ABSTRACT: Lombardi et al. (Reports, 23 October 2009, p. 585) reported a significant association between the human retrovirus XMRV and chronic fatigue syndrome (CFS). However, the cases with CFS and the control subjects in their study are poorly described and unlikely to be representative. Independent replication is a critical first step before accepting the validity of this finding.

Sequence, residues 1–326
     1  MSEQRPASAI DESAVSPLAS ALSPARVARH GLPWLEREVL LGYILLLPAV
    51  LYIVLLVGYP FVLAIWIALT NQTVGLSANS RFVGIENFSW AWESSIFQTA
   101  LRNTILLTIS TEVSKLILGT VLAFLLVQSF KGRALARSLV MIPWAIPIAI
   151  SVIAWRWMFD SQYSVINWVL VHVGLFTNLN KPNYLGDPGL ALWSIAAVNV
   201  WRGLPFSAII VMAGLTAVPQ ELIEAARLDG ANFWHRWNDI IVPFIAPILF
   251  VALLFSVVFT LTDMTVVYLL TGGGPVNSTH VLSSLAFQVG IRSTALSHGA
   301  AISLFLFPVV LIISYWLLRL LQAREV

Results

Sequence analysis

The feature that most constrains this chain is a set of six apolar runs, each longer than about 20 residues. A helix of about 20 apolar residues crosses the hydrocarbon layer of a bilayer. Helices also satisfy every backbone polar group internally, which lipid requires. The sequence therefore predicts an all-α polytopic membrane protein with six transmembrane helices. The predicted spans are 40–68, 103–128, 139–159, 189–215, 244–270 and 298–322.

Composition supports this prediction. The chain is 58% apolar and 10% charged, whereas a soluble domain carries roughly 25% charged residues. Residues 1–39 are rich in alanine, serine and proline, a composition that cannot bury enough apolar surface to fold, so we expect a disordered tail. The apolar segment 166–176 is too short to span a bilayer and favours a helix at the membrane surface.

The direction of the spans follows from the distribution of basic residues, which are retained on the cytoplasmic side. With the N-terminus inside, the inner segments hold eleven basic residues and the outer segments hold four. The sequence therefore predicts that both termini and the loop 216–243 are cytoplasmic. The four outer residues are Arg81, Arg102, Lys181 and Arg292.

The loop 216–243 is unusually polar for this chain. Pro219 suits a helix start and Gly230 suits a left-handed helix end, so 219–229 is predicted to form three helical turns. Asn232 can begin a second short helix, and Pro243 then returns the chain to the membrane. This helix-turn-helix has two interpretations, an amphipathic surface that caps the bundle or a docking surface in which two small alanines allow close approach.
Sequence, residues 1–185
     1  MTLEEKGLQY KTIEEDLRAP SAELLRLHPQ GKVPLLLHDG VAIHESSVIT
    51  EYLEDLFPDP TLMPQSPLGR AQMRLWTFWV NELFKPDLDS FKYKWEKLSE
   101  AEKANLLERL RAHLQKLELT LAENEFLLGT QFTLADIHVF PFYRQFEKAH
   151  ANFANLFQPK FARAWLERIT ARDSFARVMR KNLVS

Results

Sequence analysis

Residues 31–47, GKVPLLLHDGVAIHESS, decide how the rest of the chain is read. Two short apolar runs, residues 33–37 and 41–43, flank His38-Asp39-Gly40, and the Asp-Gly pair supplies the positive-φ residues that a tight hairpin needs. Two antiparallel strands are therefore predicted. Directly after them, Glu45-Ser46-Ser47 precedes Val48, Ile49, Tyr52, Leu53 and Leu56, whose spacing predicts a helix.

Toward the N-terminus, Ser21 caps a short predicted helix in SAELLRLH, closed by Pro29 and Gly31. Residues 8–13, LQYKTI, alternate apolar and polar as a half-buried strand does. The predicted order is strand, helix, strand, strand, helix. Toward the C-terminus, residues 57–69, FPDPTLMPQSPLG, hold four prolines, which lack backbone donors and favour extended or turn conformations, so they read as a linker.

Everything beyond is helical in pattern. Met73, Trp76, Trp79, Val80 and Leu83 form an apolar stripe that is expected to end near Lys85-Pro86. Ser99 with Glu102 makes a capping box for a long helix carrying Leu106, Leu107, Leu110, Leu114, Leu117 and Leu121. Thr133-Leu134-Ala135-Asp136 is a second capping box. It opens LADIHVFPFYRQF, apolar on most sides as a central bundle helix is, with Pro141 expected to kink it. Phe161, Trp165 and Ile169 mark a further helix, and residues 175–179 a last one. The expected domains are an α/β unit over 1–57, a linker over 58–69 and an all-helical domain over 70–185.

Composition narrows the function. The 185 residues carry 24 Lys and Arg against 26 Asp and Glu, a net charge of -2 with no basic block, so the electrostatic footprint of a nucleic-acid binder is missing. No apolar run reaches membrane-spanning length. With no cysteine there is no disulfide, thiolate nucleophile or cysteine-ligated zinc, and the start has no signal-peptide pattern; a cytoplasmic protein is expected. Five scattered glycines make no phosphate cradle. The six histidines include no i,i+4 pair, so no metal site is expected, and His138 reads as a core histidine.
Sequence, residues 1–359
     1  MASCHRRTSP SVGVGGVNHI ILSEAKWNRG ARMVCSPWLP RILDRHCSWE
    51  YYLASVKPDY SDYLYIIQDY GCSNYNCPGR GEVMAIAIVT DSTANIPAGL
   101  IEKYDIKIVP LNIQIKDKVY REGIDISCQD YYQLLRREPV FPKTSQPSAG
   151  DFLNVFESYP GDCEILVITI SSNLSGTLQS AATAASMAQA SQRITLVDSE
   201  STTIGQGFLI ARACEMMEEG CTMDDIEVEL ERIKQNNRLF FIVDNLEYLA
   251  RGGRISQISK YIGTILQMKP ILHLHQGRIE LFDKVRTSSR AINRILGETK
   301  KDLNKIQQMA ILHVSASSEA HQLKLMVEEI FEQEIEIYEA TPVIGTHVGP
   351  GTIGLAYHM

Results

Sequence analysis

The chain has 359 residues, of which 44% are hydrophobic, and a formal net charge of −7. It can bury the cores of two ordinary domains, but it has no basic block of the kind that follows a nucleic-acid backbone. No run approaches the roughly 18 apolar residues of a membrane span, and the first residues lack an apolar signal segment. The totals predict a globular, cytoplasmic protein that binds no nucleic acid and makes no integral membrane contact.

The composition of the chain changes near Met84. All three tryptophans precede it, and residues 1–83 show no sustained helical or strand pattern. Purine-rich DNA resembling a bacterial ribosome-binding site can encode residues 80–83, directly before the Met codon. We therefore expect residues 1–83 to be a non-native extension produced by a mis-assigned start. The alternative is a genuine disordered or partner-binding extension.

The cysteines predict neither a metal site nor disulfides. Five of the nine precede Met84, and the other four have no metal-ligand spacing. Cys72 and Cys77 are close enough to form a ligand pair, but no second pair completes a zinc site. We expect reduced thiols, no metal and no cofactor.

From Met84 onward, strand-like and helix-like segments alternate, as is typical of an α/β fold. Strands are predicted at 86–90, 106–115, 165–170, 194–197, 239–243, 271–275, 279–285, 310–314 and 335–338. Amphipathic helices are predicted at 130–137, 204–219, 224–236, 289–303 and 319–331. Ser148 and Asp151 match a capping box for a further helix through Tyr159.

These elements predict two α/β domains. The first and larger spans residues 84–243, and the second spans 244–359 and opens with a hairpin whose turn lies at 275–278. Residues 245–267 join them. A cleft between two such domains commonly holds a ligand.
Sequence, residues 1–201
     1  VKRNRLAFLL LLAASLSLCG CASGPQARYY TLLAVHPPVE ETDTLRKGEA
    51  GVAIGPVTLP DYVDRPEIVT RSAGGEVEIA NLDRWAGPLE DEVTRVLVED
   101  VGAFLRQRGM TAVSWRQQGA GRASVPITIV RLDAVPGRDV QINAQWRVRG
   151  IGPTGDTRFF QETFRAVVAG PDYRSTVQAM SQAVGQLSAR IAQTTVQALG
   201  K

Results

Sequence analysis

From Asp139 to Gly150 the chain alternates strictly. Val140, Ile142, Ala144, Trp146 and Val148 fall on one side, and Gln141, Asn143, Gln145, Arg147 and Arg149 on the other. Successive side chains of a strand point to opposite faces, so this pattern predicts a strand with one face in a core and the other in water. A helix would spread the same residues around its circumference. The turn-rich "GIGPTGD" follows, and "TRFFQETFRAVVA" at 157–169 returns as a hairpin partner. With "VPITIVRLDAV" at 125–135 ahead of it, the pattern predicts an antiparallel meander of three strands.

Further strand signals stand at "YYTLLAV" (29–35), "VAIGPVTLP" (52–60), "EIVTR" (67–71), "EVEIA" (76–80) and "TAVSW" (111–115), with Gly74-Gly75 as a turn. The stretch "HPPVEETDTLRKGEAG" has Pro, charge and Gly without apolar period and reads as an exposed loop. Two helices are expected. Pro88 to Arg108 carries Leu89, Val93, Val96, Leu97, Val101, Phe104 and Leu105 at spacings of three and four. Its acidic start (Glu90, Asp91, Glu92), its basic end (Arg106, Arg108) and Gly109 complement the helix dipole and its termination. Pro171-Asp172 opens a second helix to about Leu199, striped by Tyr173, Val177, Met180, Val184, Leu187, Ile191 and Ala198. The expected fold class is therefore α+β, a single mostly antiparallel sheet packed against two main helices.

23 Minor Cytokine signature in chronic fatigue syndrome. 2017

Roerink, Megan E / Buckland, Matthew / Lloyd, Andrew R / van der Meer, Jos W M. ·Radboud University Medical Center, Nijmegen 6500 HB, The Netherlands. · Barts Health Trust, London E1 1BB, United Kingdom. · Kirby Institute, University of New South Wales, Sydney, NSW 2052, Australia. · Radboud University Medical Center, Nijmegen 6500 HB, The Netherlands; jos.vandermeer@radboudumc.nl. ·Proc Natl Acad Sci U S A · Pubmed #29087342.

ABSTRACT: -- No abstract --

24 Minor Apology. 2013

Lloyd, A R. · ·J Intern Med · Pubmed #23647317.

ABSTRACT: -- No abstract --